Systolic heart failure (HF) is a devastating condition with high socioeconomic impact. Progress in the development of new pharmacological agents to treat HF is stagnant. Standard therapy targets the untoward peripheral effects of the heightened activity of the renin-angiotensin- system (RAS) and sympathetic nervous system (SNS), compensatory mechanisms that seek to maintain pressure in the face of a low cardiac output. As yet, there is no specific therapy for the inflammatory state that accompanies HF and contributes to adverse outcomes. Large clinical trials demonstrated no benefit of anti-cytokine agents, which can have serious side effects. Recent studies have revealed that the central nervous system actions of pro-inflammatory cytokines (PICs) contribute to the pathogenesis of HF - in particular, to the detrimental increase in sympathetic nerve activity. That work has focused almost exclusively on the effects of PICs inside the blood-brain barrier (BBB), with little attention to the effects of circulating PICs that reflect the peripheral inflammatory state but are too large to cross the BBB. Our preliminary studies demonstrate that blood-borne PICs act upon the subfornical organ (SFO), a forebrain circumventricular organ that lacks a BBB, to increase sympathetic activity in normal rats. We hypothesize that the high circulating levels of PICs in HF induce an inflammatory/excitatory state in the SFO that drives inflammatory/excitatory mechanisms downstream in the hypothalamic paraventricular nucleus (PVN) to increase peripheral sympathetic nerve activity. Since PIC receptors mediate molecular rather than synaptic events, their effects on the SFO are likely mediated by upregulation of intracellular signaling mechanisms related to RAS, reactive oxygen species, and endoplasmic reticulum stress. The proposed studies will: 1) determine the contribution of tumor necrosis factor (TNF)-a and interleukin (IL)-1b, acting upon their receptors in SFO, to sympathetic excitation in normal rat and rats with HF;2) identify the cellular and molecular mechanisms activated in the SFO by TNF-a and IL-1b, and their impact on cellular and molecular mechanisms downstream in PVN;3) determine whether counteracting the effects of PICs at the SFO level is a viable potential therapeutic strategy to reduce sympathetic excitation and its consequences in HF. A combination of molecular, immunohistochemical, and in vivo electrophysiological and hemodynamic recording techniques will be used to elucidate the mechanisms by which blood-borne PICs, acting on the SFO, influence neurohumoral excitation. Since the SFO lacks a BBB, these studies may identify targets for therapeutic intervention in the inflammatory process in HF that are accessible to systemic drug administration.
This project will determine the mechanisms by which blood-borne pro-inflammatory cytokines, acting on the subfornical organ (SFO) in the forebrain, contribute to activation of the sympathetic nervous system in a rat model of systolic heart failure By learning more about molecular mechanisms in SFO that respond to peripheral inflammation, we hope to identify targets for the treatment of central mechanisms driving sympathetic activity in heart failure. As a circumventricular organ lacking a blood-brain barrier, the SFO is accessible to systemically administered drugs that may counter the central inflammatory response.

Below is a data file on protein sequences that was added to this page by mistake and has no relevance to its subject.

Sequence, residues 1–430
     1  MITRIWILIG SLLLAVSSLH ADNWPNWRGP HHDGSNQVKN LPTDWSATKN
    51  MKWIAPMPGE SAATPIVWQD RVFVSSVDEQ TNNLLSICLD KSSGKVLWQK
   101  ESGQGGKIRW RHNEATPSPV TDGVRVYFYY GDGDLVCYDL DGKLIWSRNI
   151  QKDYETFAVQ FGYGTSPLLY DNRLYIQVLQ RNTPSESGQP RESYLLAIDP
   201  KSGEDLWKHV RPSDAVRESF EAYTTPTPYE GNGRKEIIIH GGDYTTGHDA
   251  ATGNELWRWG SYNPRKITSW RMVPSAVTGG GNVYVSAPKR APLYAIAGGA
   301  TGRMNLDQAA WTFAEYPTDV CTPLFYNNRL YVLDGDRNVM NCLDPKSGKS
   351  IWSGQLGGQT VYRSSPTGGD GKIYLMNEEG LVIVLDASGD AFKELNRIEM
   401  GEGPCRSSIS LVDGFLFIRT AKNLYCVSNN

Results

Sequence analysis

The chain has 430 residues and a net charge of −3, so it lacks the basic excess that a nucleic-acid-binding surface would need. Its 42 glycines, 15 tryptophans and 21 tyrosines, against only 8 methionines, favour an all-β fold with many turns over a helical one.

|Yu, Yang; Wei, Shun-Guang; Weiss, Robert M et al. (2018) Angiotensin II Type 1a Receptors in the Subfornical Organ Modulate Neuroinflammation in the Hypothalamic Paraventricular Nucleus in Heart Failure Rats. Neuroscience 381:46-58|
|Yu, Yang; Wei, Shun-Guang; Weiss, Robert M et al. (2018) Sex Differences in the Central and Peripheral Manifestations of Ischemia-induced Heart Failure in Rats. Am J Physiol Heart Circ Physiol :|
|Wei, Shun-Guang; Yu, Yang; Felder, Robert B (2018) Blood-borne interleukin-1? acts on the subfornical organ to upregulate the sympathoexcitatory milieu of the hypothalamic paraventricular nucleus. Am J Physiol Regul Integr Comp Physiol 314:R447-R458|
|Yu, Yang; Wei, Shun-Guang; Weiss, Robert M et al. (2017) TNF-? receptor 1 knockdown in the subfornical organ ameliorates sympathetic excitation and cardiac hemodynamics in heart failure rats. Am J Physiol Heart Circ Physiol 313:H744-H756|
|Wei, Shun-Guang; Yu, Yang; Weiss, Robert M et al. (2016) Inhibition of Brain Mitogen-Activated Protein Kinase Signaling Reduces Central Endoplasmic Reticulum Stress and Inflammation and Sympathetic Nerve Activity in Heart Failure Rats. Hypertension 67:229-36|
|Wei, Shun-Guang; Yu, Yang; Weiss, Robert M et al. (2016) Endoplasmic reticulum stress increases brain MAPK signaling, inflammation and renin-angiotensin system activity and sympathetic nerve activity in heart failure. Am J Physiol Heart Circ Physiol 311:H871-H880|
|Xue, Baojian; Thunhorst, Robert L; Yu, Yang et al. (2016) Central Renin-Angiotensin System Activation and Inflammation Induced by High-Fat Diet Sensitize Angiotensin II-Elicited Hypertension. Hypertension 67:163-70|
|Xue, Baojian; Yu, Yang; Zhang, Zhongming et al. (2016) Leptin Mediates High-Fat Diet Sensitization of Angiotensin II-Elicited Hypertension by Upregulating the Brain Renin-Angiotensin System and Inflammation. Hypertension 67:970-6|
|Yu, Yang; Wei, Shun-Guang; Zhang, Zhi-Hua et al. (2016) ERK1/2 MAPK signaling in hypothalamic paraventricular nucleus contributes to sympathetic excitation in rats with heart failure after myocardial infarction. Am J Physiol Heart Circ Physiol 310:H732-9|
|Yu, Yang; Xue, Bao-Jian; Wei, Shun-Guang et al. (2015) Activation of central PPAR-? attenuates angiotensin II-induced hypertension. Hypertension 66:403-11|
Showing the most recent 10 out of 33 publications